Tech update – March 21, 2002

Edited by John Stevenson

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Shimano 2003 XTR

By John Stevenson

Nobody from our local Shimano office is talking about this officially "until June" but as often happens at this time of year details have leaked of Shimano's new equipment for the product year 2003. The big news is a completely revamped XTR groupset, as (modest cough) I kinda predicted at the end of last year. (OK you didn't need to be Nostradamus to see that Shimano had to do something with XTR, a group almost unchanged since 1995.)

Pics of the new XTR group and also a cosmetically new LX group appeared a short while ago on this Taiwanese website. These images are almost certainly scanned from Shimano's literature for OEMs (bike manufacturers) and are therefore unlikely to stay put for long. Take a look while you can.

Just as in 1995 when Shimano announced the grey XTR group, every single component has been redesigned. Even the V-brakes, which will still be an option, have been tweaked. The two biggest changes are a completely new shifter that works like the STI road system, with shifting built into the brake lever, and an extremely minimal-looking disk brake.

Shifting involves moving the brake lever up and down and there's a paddle on the lever to assist with this. While it's hard to be sure from the scans, the lever looks longer than previous designs, to accommodate the extra mechanism. The rear derailleurs are clearly reverse-action Rapid Rise, and the front derailleur has been redesigned for easier access to the adjuster screws.

The hydraulic disk brake is a minimalist affair. The opposed-piston caliper will be available in both common mounts (Manitou and International Standard) but that's where adherence to standards ends. The hubs have been redesigned to take a splined, steel and aluminium rotor, saving weight in two areas where current designs squander it: there's no need for a boss on the hub to take rotor bolts, and only the brake track and eight short support arms are steel.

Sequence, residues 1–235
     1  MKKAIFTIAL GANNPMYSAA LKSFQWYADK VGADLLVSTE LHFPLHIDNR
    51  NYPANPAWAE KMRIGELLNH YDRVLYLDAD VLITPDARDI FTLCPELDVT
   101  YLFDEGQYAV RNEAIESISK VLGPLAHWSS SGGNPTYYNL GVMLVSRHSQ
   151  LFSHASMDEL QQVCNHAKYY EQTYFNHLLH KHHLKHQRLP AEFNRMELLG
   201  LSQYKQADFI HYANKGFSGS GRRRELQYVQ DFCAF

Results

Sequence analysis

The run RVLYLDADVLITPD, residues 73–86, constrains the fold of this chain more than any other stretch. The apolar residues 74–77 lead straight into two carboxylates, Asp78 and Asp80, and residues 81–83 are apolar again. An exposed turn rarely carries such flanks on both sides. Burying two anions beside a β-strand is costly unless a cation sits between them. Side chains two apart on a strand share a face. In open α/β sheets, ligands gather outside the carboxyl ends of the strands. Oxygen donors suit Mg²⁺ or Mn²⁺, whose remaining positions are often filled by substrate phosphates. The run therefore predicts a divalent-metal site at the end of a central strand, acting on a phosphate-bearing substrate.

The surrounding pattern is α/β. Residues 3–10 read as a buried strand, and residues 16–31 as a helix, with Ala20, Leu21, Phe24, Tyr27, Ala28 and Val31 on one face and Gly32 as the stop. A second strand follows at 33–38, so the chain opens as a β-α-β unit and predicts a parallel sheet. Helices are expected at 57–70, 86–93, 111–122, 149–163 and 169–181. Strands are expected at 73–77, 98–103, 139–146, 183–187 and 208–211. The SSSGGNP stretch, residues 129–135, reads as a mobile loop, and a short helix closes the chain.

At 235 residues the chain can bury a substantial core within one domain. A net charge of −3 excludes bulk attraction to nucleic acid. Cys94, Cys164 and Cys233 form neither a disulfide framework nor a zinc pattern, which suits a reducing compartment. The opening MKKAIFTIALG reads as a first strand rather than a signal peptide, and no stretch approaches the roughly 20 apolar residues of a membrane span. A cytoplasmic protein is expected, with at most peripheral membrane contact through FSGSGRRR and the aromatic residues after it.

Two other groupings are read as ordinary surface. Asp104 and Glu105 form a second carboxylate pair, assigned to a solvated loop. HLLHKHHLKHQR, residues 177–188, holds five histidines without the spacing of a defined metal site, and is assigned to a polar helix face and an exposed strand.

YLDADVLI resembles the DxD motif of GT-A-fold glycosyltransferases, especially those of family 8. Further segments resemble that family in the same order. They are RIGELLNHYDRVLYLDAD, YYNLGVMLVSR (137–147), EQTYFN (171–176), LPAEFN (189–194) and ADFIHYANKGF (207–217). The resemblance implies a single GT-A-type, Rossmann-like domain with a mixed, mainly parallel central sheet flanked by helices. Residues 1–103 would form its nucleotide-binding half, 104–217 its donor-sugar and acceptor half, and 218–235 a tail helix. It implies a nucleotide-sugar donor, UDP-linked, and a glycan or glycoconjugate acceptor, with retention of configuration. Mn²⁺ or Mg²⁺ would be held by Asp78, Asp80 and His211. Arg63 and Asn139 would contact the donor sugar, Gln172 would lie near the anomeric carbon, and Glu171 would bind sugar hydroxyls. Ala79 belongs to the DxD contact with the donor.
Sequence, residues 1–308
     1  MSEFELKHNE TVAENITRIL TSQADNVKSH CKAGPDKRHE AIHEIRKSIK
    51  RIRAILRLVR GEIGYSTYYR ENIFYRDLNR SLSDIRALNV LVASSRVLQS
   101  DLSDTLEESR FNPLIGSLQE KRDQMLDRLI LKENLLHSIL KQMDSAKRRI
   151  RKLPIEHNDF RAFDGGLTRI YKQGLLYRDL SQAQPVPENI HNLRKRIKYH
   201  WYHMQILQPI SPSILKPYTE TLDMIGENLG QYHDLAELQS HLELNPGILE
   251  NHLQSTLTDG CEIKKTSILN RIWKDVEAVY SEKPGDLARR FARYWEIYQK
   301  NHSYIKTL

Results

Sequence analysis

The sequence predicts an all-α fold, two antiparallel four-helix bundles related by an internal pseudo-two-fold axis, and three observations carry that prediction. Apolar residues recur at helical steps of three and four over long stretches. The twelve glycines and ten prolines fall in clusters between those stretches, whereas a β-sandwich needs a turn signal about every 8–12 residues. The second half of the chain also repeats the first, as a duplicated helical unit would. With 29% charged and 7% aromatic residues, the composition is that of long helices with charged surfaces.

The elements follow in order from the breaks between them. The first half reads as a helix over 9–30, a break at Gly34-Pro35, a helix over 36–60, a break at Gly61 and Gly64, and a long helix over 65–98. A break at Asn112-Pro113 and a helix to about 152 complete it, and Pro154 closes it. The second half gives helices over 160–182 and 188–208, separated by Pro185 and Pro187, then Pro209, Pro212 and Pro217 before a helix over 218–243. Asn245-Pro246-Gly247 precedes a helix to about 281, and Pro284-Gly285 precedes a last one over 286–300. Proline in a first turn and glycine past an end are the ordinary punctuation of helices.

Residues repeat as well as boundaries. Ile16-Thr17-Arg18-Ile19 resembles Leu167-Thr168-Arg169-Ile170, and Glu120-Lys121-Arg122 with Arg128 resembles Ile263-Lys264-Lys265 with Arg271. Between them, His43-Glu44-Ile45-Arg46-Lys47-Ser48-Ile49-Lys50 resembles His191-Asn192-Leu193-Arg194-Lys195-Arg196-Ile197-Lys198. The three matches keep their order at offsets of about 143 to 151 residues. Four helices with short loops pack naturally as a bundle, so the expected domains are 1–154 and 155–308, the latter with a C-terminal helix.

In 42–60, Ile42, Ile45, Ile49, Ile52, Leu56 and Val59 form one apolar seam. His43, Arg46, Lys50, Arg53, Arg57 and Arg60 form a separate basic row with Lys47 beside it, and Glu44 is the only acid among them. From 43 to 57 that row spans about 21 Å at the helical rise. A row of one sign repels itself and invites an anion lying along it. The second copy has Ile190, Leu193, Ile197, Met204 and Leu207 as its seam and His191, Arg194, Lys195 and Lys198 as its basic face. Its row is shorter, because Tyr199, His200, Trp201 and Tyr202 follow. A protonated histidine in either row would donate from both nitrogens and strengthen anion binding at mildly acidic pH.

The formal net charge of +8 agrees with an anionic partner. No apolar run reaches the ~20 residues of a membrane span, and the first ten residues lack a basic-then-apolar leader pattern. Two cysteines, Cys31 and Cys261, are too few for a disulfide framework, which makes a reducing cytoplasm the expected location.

Even the non-disk hubs get a facelift, with clean, minimal lines.

The other area of major redesign is the crank. The axle and right hand crank are one piece, with the left hand crank attaching by a spline and pinch bolt. The whole thing is like a much sleeker aluminium version of Roger Durham's seminal Bullseye cranks of the eighties.

One problem those cranks had was that there was very little space for bearings between a standard bottom bracket shell and an oversized axle. Shimano seems to have gone round this problem by mounting the bearings outboard of the bottom bracket shell, which should make for more durable bearings than the old Bullseye design.

The crank itself is a four-arm design with a 44 tooth big ring and there appear to be three sets of mounting points on the spider, one for each ring.

One thing hasn't changed: it's a nine speed group, which flattens speculation that Shimano might answer Campagnolo's ten-speed road components with a ten-speed MTB design. We wouldn't be surprised if the engineers in Osaka were working on it, but it won't be easy to do without adding undesirable wheel dish or weakening the chain and sprockets.

What also doesn't seem to have changed is the essential philosophy of XTR: start with a clean sheet of paper and do whatever is necessary to make lighter components, throwing away and ignoring standards as necessary. That'll annoy people who believe Shimano invents new standards for marketing purposes, but first impressions are that Shimano has upped the standard in top-end racing MTB parts once again.


Rather over-shadowed by the XTR hoo-ha is a new version of the LX group, which, let's face it, is what far more of us actually have on our bikes.

The main change is cosmetic: the new LX will have satin gold detailing, it's a safe prediction this will be a 'love it or hate it' thing. We can imagine it'd look good on a light-coloured bike, and tacky as a very tacky thing against certain frame colours.

Shimano has also redesigned the popular LX crank. The scan shows a crank with a distinct bulge near the axle, and the 'Octalink' logo is absent. We're guessing that this is a C-shaped design rather like Truvativ's, and a return to square taper, at least as an option.